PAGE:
Making Summer More Allergy- and Asthma- Friendly

27 May

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It’s summer, a time for kids to get outside, to enjoy adventures in the backyard, to go biking with their friends and grilling outdoors with their family. But with the increase in young children’s playtime spent outdoors comes an increase in the pollen count. With pollen levels higher than normal this year, we want to make sure you are prepared to handle the runny noses, coughing and trouble breathing that your kids may experience in the months ahead. Here are some ways you can make sure your child is safe and happy for pollen season.

Awareness

  • Make sure you are aware of how to identify signs of asthma and allergies. A great test for this is KFA’s “How Allergy and Asthma Smart Are You?” quiz. It covers food allergies, anaphylaxis, asthma and other allergic diseases. Not only will you come away knowing more about factors that affect your children’s health, but you’ll also be entered to win a $100 gift card!
  • The Allergy Capitals identifies the “100 most challenging places to live with allergies” in the spring and fall seasons. See where your city lies as far as pollen count to know how extensive your preventive measures need to be: www.AllergyCapitals.com

Tips for Dealing with Allergies at Home

Allergies

  • Know the symptoms. For food allergies, be on the lookout for: rashes, hives, swelling in the face, belly or back, coughing or a shortness of breath. For pollen allergies, look for: sneezing, runny eyes and nose, and nasal congestion.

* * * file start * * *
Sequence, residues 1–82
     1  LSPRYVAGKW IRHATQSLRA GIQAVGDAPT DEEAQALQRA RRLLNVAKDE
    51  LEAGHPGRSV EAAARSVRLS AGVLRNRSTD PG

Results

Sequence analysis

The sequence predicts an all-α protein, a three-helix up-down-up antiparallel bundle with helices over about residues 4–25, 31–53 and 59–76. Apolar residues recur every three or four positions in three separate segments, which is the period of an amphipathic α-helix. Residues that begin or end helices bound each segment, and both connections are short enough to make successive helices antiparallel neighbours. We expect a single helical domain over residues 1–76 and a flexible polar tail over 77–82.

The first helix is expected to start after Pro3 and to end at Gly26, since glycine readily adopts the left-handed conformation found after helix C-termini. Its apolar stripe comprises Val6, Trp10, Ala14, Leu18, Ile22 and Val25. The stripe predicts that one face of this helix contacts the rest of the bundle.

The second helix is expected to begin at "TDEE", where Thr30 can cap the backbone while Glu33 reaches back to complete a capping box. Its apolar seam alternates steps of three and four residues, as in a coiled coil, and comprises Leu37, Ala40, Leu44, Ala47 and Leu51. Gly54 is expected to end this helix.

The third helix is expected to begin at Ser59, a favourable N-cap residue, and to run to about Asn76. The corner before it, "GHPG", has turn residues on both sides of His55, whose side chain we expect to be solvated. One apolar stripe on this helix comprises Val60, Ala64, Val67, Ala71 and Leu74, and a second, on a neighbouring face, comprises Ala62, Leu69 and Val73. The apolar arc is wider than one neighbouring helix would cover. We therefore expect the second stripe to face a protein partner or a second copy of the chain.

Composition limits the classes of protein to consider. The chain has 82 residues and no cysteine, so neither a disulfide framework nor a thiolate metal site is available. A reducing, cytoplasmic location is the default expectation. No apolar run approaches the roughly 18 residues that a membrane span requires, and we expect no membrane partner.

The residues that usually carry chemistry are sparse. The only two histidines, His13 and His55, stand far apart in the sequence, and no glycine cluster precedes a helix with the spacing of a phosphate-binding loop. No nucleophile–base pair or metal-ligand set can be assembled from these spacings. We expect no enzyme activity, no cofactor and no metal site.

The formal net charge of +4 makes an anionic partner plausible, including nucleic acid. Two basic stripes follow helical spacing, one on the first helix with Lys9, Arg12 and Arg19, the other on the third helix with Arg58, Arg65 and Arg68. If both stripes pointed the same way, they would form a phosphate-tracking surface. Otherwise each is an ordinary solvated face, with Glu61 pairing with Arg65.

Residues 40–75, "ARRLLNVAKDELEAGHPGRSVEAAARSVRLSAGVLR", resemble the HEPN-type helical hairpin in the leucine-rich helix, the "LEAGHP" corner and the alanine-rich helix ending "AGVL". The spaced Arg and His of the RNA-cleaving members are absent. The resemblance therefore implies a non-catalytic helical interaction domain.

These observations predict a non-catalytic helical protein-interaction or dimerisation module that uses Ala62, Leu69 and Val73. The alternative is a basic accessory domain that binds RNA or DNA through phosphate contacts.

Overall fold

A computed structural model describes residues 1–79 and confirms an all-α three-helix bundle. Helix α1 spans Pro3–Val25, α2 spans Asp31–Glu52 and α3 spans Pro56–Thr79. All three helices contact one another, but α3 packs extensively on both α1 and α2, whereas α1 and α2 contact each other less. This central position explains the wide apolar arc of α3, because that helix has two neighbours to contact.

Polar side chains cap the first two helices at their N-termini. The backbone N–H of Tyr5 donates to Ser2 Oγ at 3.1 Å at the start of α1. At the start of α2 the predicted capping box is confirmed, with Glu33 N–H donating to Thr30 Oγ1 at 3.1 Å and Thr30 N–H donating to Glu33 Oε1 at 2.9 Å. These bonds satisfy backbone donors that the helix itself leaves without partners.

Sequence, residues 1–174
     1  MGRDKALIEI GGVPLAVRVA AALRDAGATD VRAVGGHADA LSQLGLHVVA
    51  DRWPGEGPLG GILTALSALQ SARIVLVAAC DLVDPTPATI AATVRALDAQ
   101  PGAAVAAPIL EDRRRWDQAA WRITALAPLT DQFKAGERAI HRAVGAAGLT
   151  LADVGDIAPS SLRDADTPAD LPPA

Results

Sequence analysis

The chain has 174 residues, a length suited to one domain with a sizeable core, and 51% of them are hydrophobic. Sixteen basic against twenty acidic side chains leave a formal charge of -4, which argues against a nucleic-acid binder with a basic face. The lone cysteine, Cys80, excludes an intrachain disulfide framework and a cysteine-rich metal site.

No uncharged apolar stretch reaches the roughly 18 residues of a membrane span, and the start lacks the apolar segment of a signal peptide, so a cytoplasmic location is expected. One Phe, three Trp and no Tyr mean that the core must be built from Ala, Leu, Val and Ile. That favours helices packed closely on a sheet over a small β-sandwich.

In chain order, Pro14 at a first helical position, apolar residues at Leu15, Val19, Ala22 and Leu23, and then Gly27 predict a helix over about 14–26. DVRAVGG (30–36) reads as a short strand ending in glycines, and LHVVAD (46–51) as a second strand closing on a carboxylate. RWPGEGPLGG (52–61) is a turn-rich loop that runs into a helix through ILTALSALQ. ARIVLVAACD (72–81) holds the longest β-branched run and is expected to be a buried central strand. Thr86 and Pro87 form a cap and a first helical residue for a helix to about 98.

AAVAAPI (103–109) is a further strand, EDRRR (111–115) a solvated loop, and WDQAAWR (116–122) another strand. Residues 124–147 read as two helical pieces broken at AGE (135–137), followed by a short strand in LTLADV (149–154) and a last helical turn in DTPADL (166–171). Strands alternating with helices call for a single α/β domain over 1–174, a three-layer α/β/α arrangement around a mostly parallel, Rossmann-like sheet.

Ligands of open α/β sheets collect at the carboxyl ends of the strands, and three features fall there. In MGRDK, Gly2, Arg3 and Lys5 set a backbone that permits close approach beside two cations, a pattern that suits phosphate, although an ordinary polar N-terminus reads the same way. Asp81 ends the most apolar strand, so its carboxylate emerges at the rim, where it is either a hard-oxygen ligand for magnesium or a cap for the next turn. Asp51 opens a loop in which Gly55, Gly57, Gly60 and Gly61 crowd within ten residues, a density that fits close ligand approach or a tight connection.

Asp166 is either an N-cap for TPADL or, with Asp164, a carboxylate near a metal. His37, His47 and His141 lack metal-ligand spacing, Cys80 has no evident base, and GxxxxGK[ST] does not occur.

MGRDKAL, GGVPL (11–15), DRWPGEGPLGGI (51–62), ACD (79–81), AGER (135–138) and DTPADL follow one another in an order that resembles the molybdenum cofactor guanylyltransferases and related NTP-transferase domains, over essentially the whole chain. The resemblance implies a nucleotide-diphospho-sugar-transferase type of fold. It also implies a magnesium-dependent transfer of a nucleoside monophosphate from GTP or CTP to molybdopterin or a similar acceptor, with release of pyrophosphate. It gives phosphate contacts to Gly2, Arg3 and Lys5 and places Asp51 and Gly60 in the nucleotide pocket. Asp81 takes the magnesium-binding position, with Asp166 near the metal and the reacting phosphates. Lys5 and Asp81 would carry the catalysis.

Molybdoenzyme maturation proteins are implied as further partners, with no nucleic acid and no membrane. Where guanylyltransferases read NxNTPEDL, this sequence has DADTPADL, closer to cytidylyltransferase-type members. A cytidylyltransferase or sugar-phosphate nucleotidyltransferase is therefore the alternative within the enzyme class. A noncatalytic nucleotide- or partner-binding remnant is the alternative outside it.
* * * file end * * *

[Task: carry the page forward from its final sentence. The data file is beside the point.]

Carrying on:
• Talk to your child’s allergist to know the best approach for symptom control. This will include being able to identify triggers.
  • If your child has a play date with a child that has food allergies or vice versa, ask the parent to pack their own drinks and foods to eliminate triggers as well as instructions for necessary medical care.
  • Always have Benadryl® on hand for immediate use when children break out and you are not sure of the trigger.
  • Wash your child’s hands often, keeping things clean!

Asthma

  • Know potential triggers: cigarette smoke, outdoor/indoor pollen, food allergies, extreme temperature changes.
  • Use oral and nasal sprays to control allergies throughout the day, which will help prevent an asthma attack.
  • Have immediate measures disposable whenever your child has an attack, including consistent accessibility to an EpiPen®.

Finally, the best treatment parents can use at home for children with allergies and asthma is prevention. Knowing your child’s symptoms, keeping them on appropriate medications, and avoiding triggers will keep your child safe and healthy.

Toys can often trigger children’s allergies. That’s why stuffed animals like these cute, cuddly Asthma- and Allergy-Friendly Animal Friends are a hit for parents and children alike!

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For more in-depth information on allergies, check out the following websites below.

Resources

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